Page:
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That’s the theory behind “overreaching,” a training strategy followed by most competitive athletes today. “You push the body up to the breaking point,” Reiff says. “At least, that’s what you try to do.” Overreaching is often part of a months-long regimen that ends with tapering: doing only light workouts in the days before a big event. If all has gone well, athletes will, at that point, be at their physiological peak.
But all doesn’t always go well. “You expect a peak, but you get a slump,” Reiff says. Why? According to one hypothesis, constant training leads to overactive cytokines. These proteins may communicate with circulating blood cells and cause them to ramp up the production of chemicals that can inflame the whole body. Instead of being confined to the wounded muscle tissue, inflammation becomes systemic. This theory (hard to test, since no coach is likely to allow a scientist to induce overtraining in his athletes) may explain the wide range of symptoms often seen in overtrained athletes: mood changes, apathy, insomnia and fatigue. Overtrained athletes often lose weight, possibly because of decreased appetite, and they can have low levels of ferritin, a protein complex that helps store iron in the body. They can experience a rise in resting heart rate, which is one of the surest signs of overtraining, or have especially viscous blood. Some researchers believe this sludgy blood accounts for the odd heaviness in the legs that overtrained athletes report.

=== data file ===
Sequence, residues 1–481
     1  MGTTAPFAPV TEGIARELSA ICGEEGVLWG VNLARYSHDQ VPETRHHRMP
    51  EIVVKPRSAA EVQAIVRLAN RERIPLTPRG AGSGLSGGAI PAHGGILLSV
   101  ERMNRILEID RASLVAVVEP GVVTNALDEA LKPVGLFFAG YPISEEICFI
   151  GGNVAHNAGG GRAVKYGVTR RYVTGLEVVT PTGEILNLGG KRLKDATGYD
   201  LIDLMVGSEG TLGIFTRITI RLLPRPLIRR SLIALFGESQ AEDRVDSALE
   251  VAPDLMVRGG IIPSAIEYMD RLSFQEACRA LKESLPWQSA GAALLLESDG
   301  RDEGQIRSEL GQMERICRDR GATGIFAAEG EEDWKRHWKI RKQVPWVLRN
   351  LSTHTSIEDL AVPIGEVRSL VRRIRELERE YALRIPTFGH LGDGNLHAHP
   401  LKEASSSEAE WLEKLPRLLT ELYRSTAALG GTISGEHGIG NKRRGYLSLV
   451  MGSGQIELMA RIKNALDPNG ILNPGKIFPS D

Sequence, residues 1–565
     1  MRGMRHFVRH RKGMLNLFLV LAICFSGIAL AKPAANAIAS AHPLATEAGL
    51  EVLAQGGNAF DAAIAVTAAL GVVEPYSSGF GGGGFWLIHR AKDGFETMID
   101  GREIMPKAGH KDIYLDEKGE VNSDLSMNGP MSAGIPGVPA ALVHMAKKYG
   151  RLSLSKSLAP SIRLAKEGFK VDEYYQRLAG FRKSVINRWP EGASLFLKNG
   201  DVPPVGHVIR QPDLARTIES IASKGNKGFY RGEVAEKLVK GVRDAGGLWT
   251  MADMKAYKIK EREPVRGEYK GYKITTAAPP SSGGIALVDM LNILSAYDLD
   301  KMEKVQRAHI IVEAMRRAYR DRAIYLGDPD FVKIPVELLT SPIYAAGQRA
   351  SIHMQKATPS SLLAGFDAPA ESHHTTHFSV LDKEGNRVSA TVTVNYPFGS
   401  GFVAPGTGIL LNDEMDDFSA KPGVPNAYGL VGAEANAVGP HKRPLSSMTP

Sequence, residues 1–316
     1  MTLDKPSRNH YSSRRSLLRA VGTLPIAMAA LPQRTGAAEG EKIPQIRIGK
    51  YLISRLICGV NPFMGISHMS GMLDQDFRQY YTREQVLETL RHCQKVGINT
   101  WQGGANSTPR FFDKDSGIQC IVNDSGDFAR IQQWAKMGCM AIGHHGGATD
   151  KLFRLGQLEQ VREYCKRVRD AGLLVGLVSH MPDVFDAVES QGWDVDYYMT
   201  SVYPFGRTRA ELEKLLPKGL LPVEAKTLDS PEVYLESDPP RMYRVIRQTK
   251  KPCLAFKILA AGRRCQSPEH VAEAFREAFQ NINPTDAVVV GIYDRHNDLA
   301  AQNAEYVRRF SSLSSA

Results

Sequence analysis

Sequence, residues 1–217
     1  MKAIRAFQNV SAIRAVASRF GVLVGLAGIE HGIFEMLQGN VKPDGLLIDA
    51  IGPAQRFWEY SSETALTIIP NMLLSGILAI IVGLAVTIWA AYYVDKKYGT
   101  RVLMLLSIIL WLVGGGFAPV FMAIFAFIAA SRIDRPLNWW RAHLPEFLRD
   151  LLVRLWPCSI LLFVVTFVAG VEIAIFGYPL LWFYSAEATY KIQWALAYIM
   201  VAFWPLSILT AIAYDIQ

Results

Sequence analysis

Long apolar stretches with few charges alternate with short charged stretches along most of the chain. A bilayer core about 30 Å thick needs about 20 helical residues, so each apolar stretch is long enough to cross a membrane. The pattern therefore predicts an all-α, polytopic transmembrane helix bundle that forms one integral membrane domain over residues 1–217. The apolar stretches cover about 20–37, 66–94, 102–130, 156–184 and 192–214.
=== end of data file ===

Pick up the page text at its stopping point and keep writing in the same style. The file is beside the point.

Genetics, not surprisingly, is thought to play a role in the onset and severity of overtraining. Research that is currently under way at Baylor University in Dallas, and funded by USA Track & Field, suggests that hard, competitive training of any kind can alter the ways in which a wide array of genes work. Genes of well-trained athletes are thought to encode proteins that prompt the body to produce chemicals that, in turn, increase the levels of certain enzymes and stimulate other processes necessary for creating speed and endurance. It’s an elegant cycle: the demands of the straining body activate genes that produce the means of making that body stronger, tougher and faster.
Baylor scientists have taken blood samples from elite American distance runners in an attempt to determine whether some genes become either exceptionally active or suddenly quiescent when an athlete nears his or her fitness limit. The irregular activity of these genes may be the cause of overtraining, or it may be that the genetic changes are only the first, microscopic symptom of its onset. If further research shows the same genes at work in those who are overtrained, blood tests may soon substitute for guesswork among coaches and athletes. “Right now, we use trial and error to get someone as fit as possible without going too far,” Larsen says. “It’s more art than science. It would be great if it became more science.”
There is, however, no mystery about how to treat overtraining. “There’s only one palliative for overtraining that I know of,” says Robert Schoene, a professor of medicine at the University of California, San Diego, who has written about overtraining and has treated afflicted athletes. “Rest, rest and more rest.”